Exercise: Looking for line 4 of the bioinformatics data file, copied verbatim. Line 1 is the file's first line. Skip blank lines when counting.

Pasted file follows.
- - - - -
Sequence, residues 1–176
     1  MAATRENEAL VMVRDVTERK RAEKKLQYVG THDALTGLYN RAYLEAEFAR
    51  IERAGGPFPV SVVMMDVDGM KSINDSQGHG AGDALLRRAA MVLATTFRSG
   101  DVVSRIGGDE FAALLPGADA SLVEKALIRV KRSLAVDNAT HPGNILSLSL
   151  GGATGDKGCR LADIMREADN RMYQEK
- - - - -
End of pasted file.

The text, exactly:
   101  DVVSRIGGDE FAALLPGADA SLVEKALIRV KRSLAVDNAT HPGNILSLSL